Global cooperation crucial to achieving development targets, nations tell UN

29 September 2009
Foreign Minister Jonas Gahr Støre of Norway

Meeting the Millennium Development Goals (MDGs), eight ambitious anti-poverty targets agreed on by world leaders, by their 2015 deadline will require concert global cooperation, nations have told the General Assembly’s high-level annual debate.

Meeting the Millennium Development Goals (MDGs), eight ambitious anti-poverty targets agreed on by world leaders, by their 2015 deadline will require concert global cooperation, nations have told the General Assembly’s high-level annual debate.

Norway pointed out that the financial crisis has pushed millions into poverty. “Loss of income is placing public policies at perilous risk, potentially undermining services on which the poorest and weakest depend the most, such as health and education,” Foreign Minister Jonas Gahr Støre said today.

The lack of progress in improving maternal health, he said, is “the most disgraceful underachievement” to date.

Women urgently need continued services in clinics to ensure they deliver their children safely, with preparations made to transfer them to hospitals in the event of complications, Mr. Støre said on the last day of the high-level segment.

“Strengthening health services is key for reducing mother and child mortality, and is also a vital element in realizing the rights of women and children,” he added.

The international community, said Denmark’s ambassador to the United Nations, must assist the world’s poorest in mitigating the effects of the global recession as well as to achieve development aims.

“There is an imminent risk that the economic crisis will lead to a stagnation or a reduction of official development assistance [ODA],” Carsten Staur said. “This is a challenge we must counter and overcome, and it is more crucial than ever that all donors speed up delivery on their aid commitments.”

Portugal underscored the need for “collective responsibility and international cohesion” to reach the MDGs.

“A State that forgets the common good, sooner or later, will have instability, poverty and insecurity knocking at its door,” João Gomes Cravinho, Secretary of State for Foreign Affairs and Cooperation, warned at the Assembly yesterday.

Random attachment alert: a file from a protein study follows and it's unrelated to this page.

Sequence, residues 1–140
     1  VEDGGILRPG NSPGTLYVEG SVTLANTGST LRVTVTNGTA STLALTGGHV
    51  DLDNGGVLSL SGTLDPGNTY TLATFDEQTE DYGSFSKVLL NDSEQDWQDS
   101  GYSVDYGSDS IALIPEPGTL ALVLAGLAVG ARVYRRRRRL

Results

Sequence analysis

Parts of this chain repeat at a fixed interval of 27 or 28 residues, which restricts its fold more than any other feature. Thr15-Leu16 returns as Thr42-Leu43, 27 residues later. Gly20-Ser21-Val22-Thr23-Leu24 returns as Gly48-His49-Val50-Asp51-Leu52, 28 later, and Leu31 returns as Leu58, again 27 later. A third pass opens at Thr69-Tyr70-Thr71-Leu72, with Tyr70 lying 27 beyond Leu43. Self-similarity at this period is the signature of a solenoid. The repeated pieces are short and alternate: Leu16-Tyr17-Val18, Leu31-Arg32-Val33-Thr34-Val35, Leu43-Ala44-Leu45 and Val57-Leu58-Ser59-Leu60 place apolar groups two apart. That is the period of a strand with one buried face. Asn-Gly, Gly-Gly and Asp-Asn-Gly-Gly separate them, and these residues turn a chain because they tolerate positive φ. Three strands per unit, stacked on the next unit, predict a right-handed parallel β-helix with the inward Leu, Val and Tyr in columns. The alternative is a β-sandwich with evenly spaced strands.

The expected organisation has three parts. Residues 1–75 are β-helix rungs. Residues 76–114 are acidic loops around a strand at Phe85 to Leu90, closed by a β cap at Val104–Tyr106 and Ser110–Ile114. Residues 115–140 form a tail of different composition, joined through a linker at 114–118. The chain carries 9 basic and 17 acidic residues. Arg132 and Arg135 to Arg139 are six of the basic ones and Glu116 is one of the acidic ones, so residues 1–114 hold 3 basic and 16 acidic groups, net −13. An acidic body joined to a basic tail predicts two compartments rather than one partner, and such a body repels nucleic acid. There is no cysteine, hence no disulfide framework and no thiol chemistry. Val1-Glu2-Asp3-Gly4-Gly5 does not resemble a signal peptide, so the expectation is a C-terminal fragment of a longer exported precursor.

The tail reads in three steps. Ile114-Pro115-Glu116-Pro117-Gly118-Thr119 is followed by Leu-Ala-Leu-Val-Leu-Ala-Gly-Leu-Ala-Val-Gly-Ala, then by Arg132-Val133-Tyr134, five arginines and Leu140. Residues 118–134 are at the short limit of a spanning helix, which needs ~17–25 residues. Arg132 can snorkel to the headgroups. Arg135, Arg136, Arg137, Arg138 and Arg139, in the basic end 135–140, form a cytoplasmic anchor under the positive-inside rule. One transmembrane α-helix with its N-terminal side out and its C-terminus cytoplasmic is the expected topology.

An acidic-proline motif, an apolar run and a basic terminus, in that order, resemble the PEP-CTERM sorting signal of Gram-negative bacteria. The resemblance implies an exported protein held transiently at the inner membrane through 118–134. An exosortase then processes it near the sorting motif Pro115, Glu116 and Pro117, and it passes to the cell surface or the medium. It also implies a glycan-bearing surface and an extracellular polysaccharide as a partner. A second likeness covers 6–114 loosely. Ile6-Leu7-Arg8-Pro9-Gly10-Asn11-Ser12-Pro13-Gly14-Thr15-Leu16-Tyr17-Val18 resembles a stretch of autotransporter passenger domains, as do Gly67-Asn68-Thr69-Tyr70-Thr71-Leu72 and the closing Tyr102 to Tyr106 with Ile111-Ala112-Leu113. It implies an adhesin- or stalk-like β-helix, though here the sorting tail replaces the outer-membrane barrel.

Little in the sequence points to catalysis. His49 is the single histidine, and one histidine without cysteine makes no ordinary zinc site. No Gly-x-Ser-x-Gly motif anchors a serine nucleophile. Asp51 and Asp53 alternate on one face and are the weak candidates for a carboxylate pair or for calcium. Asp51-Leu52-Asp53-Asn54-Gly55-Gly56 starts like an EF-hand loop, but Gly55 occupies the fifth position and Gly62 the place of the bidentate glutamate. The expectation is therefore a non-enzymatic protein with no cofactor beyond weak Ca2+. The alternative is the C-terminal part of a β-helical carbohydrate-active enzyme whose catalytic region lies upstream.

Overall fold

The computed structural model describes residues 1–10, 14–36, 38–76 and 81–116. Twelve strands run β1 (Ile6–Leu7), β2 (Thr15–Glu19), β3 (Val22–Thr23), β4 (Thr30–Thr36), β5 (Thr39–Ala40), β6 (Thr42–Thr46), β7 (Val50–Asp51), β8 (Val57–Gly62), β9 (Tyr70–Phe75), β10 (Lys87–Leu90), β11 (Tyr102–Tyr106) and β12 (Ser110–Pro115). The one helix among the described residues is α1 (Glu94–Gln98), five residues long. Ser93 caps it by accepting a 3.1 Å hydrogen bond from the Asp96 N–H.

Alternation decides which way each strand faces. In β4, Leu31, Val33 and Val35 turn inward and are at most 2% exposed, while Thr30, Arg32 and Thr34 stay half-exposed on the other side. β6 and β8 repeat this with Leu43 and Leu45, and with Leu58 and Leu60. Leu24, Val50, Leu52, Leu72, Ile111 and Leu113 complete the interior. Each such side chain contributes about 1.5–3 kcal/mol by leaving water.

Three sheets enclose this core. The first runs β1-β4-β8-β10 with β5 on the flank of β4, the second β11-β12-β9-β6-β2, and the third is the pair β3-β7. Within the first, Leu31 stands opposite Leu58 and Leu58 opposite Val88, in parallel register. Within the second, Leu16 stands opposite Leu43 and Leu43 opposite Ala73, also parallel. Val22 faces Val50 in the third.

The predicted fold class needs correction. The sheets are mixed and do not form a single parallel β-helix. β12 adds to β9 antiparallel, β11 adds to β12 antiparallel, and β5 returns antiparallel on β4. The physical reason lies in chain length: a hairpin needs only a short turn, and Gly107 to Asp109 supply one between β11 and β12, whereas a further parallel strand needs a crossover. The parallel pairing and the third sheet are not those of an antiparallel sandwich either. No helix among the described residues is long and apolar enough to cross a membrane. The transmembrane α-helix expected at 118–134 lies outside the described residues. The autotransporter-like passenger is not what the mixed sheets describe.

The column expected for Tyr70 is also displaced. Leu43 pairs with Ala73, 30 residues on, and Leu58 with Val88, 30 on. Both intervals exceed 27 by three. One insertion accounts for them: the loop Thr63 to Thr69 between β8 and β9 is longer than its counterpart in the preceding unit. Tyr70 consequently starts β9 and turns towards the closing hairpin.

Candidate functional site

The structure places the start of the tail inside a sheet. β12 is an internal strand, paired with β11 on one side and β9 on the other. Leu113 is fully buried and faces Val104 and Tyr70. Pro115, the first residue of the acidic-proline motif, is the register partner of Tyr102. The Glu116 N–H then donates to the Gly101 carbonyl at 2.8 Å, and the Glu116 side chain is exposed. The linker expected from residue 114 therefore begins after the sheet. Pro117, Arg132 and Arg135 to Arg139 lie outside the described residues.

For its part, the European nation will continue to concentrate a large percentage of its foreign aid on Africa, he said.

Cooperation is essential at all levels – national, regional and international – to meet the MDGs, Foreign Minister Oldemiro Marques Balói of Mozambique told the Assembly, underscoring the key role played by the UN in coordinating international responses to current challenges.

“Mozambique strongly believes in multilateralism, and that the United Nations is at the centre of it,” he said.

“We also believe that the United Nations is a privileged forum that congregates the universal aspirations for a peaceful, secure, stable and prosperous world, where the values of tolerance, respect of human rights and international cooperation for development are upheld.”

For its part, San Marino also called for the world body to be at the forefront of efforts to “promote the affirmation of democracy, rule of law, freedoms and human rights as a condition for economic and social development, cultural growth and education.”

Foreign Minister Antonella Mularoni acknowledged that achieving the MDGs have been made more difficult in the face of the economic downturn, but emphasized that “we must continue in our commitment.”

A senior Mauritanian official warned that the financial is preventing development gain from taking hold, especially in the least developed countries.

Foreign Minister Naha Mint Mouknass cautioned yesterday that these nations will face massive obstacles, appealing to the international community to take immediate action to avert disaster.

 

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